Marx and Engles first chapter within the Communist Manifesto explains distinctively the emerging “simplified class” system: a result of increased polarisation of wealth between the ‘lower class’, propertyless workers and the “Bourgeoisie” capitalist, ‘upper class’ property owners, within an industrial society in the advanced stages of revolutionary modes of production and exchange (Marx & Engels, 1969, p. 15). "It [the bourgeoisie] is unfit to rule because it is incompetent to assure an existence to its slave within his slavery, because it cannot help letting him sink into such a state, that it has to feed him, instead of being fed by him” (Marx & Engels, 1969, p. 21). This suggests due to the increase in class division where the workers become poorer and the owners become wealthier, the bourgeoisie will eventually no longer be able to sustain itself or continue in its exploitation within the economic social structure. Reliant on the workers, modes of production and exchange in order to advance as the upper bourgeoisie elite, the divide between the upper and lower classes will inevitably lead to friction and hostility, resulting in workers no longer accepting their ‘lower class’ position, therefore refusing to appease and continue to work for the capitalist. "What the bourgeoisie, therefore, produces, above all, is its own grave-diggers. Its fall and the victory of the proletariat are equally inevitable" (Marx & Engels, 1969, p. 21). Marx & Engles’ capitalist critique is a valid model, a theoretical framework true of a capitalist society, such as that present in the advanced industrial western society during 1960’s America. There is however an undeniable flaw and that lies not within this capitalist critique, but in the theory of inevitable revolution against capitalism and social transformation. “Let the ruling classes tremble at a Communistic revolution. The proletarians have nothing to lose but their chains. They have a world to win. Workingmen of all countries unite!” (Marx & Engels, 1969, p. 34) Marx wanted a revolution of class, for “in the struggles and rebellions of workers, he could see evidence of an emerging conscious social force that would ultimately overthrow the society which produced it” (Langston, 2009). He believed in his theory with Engels that the increase of class division within a capitalist society would cause the contradictions and exploitation of the bourgeoisie to become exposed, enabling the workers to achieve class consciousness, that is the realisation of their exploited economic position within industrial society, in direct contrast to that of the Bourgeoisie. This consciousness and mass realisation allows the Proletariat to emerge, resulting in the want and strive for social and economic change, the inevitable future revolution which abolishes capitalism making way for the rise of socialism and equality, such as communism. Thus, achieving social justice, emancipation, liberation from capitalism.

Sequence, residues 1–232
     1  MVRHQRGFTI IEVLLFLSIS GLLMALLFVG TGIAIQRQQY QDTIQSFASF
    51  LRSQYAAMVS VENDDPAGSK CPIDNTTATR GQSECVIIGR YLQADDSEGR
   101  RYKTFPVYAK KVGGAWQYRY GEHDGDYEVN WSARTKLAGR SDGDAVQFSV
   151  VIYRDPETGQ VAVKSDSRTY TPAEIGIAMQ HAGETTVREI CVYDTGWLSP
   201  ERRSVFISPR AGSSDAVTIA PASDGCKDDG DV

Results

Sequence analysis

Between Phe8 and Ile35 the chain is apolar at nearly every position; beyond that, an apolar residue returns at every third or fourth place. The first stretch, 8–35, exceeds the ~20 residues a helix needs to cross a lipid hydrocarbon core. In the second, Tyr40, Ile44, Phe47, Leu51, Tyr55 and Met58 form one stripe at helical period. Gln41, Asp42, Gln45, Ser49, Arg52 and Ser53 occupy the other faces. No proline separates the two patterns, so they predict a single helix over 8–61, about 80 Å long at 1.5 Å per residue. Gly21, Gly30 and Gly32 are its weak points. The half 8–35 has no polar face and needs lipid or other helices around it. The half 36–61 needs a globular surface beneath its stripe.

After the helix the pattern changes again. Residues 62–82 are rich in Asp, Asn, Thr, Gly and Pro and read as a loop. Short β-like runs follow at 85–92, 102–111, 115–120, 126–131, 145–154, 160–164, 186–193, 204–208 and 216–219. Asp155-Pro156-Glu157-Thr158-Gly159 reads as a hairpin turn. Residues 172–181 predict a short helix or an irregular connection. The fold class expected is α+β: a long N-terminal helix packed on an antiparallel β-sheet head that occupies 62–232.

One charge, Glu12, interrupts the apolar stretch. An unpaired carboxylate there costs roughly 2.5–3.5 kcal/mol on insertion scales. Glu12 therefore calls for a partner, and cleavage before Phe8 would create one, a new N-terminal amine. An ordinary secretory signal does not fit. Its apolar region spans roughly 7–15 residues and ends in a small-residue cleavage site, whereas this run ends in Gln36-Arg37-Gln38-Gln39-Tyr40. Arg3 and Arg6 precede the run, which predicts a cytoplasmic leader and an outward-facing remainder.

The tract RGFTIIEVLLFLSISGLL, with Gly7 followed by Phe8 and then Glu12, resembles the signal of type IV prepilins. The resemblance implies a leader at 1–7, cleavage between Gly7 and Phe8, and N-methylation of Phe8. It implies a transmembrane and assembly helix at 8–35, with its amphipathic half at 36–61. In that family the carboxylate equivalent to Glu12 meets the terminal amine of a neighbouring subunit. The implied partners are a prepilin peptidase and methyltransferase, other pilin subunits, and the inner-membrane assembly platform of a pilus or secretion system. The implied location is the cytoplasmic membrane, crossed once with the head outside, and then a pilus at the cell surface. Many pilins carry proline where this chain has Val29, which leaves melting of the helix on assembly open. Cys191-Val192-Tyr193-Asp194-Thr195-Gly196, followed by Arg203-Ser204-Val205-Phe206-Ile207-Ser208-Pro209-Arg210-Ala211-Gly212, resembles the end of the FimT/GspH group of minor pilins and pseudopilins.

BA (Hons) Illustration Context of Practice 3 Jessica Dawson Dissertation Draft 1